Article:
'I have had a most rare vision. I have had a dream, past the wit of man to say what dream it was.'
So testifies Nick Bottom, spectacularly re-emerging from a fairy realm in incomprehension. The interaction between worlds in Midsummer is a great metaphor for the power of theatre, and this production wonderfully embeds the 'real world' of the play in the real world of beautiful buildings, streets and gardens. We find that it's not only Oxford's spires that dream - following a fairy pair down Hollybush Row, spying their king and queen through holes in a wall near OVADA, the audience is taken off the beaten track.
We are an audience, but also participants - following clues, furtively stalking cast members - in this treasure-hunt-like structure. Clues aren't pitched over the heads of kids, so there are many reasons to make this a family evening out. The experience is intricately designed, and the scattered audience begin in groups across western OX1. We then encounter individual characters sequentially, and the way they relate to their un-theatre-like locations is neat: Lysander sags off his job at a local printer's to Skype Helena, Hermia hustles a phone off us to set up her frenemy story arc with Helena, and so on. We're kept on the edge of our non-existent seats by wondering which passer-by will next reveal themselves to be part of the modern-day-adapted Athenian court, and whether we just accidentally interacted with an unsuspecting member of the public. Only uniting for the closing acts, our groups are somehow kept separate, so, respect to Creation Theatre for pulling off this logistically impressive and thematically appropriate treatment of a familiar tale.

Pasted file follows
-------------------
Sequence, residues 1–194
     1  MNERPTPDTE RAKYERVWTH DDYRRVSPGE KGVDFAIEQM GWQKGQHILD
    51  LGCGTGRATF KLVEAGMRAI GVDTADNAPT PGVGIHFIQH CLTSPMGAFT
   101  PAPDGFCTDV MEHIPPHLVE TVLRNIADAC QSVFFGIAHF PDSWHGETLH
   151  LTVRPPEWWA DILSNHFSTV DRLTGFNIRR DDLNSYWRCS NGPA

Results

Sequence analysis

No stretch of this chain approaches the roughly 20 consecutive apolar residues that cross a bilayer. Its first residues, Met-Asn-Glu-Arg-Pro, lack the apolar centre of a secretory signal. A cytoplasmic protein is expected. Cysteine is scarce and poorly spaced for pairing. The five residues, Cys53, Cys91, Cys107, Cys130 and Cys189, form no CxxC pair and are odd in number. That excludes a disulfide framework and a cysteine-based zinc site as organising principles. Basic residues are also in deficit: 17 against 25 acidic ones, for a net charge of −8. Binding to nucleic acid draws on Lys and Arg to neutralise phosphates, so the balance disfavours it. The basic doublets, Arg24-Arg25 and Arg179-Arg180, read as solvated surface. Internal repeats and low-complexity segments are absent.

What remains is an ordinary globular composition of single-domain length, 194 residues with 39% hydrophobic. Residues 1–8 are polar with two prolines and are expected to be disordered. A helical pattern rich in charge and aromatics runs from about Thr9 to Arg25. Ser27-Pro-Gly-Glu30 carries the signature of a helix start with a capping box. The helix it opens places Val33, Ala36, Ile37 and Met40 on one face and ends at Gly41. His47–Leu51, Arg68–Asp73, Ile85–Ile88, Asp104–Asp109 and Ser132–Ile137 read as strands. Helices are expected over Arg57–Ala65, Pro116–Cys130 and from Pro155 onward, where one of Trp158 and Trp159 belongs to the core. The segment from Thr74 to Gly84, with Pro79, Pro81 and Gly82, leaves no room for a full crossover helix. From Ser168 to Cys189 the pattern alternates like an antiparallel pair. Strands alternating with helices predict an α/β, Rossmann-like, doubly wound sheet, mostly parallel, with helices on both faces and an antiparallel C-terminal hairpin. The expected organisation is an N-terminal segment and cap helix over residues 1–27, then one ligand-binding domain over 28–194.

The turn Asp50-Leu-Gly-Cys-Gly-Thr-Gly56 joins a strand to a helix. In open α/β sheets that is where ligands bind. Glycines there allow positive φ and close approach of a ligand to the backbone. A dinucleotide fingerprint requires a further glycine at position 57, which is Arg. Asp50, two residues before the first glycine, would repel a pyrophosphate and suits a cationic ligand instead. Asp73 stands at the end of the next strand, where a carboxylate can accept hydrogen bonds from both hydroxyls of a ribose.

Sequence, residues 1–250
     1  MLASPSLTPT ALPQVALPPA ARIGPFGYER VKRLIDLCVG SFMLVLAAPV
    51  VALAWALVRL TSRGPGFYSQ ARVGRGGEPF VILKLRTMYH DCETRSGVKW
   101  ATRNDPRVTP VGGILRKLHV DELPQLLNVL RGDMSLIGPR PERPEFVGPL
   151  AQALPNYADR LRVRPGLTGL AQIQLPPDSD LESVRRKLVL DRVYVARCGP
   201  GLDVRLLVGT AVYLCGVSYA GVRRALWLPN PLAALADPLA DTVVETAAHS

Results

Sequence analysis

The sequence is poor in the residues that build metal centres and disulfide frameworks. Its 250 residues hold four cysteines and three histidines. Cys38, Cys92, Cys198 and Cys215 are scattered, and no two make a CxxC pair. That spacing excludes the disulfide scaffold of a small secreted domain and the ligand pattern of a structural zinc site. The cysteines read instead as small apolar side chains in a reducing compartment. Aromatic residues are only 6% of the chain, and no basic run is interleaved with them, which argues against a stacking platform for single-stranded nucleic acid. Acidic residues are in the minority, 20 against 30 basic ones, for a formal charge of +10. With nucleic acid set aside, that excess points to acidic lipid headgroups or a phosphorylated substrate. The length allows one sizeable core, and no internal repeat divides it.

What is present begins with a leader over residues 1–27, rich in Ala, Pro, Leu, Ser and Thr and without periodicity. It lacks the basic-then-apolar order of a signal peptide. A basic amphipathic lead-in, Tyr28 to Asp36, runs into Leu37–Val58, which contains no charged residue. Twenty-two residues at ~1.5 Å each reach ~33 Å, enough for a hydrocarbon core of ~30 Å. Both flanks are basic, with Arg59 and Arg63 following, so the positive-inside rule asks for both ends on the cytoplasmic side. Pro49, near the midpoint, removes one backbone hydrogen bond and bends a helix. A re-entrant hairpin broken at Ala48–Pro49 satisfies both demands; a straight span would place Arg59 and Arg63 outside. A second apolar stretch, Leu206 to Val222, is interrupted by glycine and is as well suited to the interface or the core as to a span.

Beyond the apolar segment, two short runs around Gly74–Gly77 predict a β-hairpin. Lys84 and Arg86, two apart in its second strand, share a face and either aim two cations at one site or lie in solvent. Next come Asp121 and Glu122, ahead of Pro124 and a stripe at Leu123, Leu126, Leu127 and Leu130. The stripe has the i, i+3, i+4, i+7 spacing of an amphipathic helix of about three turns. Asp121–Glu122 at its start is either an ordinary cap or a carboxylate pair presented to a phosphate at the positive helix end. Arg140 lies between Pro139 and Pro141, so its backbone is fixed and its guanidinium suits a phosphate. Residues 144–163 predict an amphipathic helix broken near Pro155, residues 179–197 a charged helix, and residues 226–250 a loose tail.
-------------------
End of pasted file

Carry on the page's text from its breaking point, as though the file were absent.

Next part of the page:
Does all this count if the comedy falls flat? I suspect this production would only be admirable if so, but it passes the six-laugh test several times over. Our crew of rude mechanicals convey the merry hell of amateur dramatics, with all its rivalries, euphemistic directorial encouragements and vain ambitions. Simon Yadoo shines and gets his audience on side in the role he's always wanted to play, hilariously hammy 'in character' and stupendously, verbosely dim as Bottom in rehearsal. Shelley Atkinson plays director Patsy Quince with consummate matronly encouragement, and nearly made me spit out my complimentary wine with laughter when she took to 'the stage', and suddenly acted with the ineptitude of a rabbit in some headlights. Audience participation is sometimes a bore, but our thespians had us auditioning as nocturnal creatures and joining in with easy glee.
There are fun sonic elements, an entirely 2D reality projected onto surfaces, cartoonish physical theatre as the lovers quarrel and fight in a rainy churchyard, and Sam Davies' truly Puckish Puck (channelling Richard O'Brien), master of minstrelsy and disguise. This loose adaptation retains narrative arcs and maybe 60% of Shakespeare's text, adding improvisation and scattered reminiscences of The Crystal Maze, to immersively adapt this layered comedy and transform Oxford's byways into another realm. Fantastic.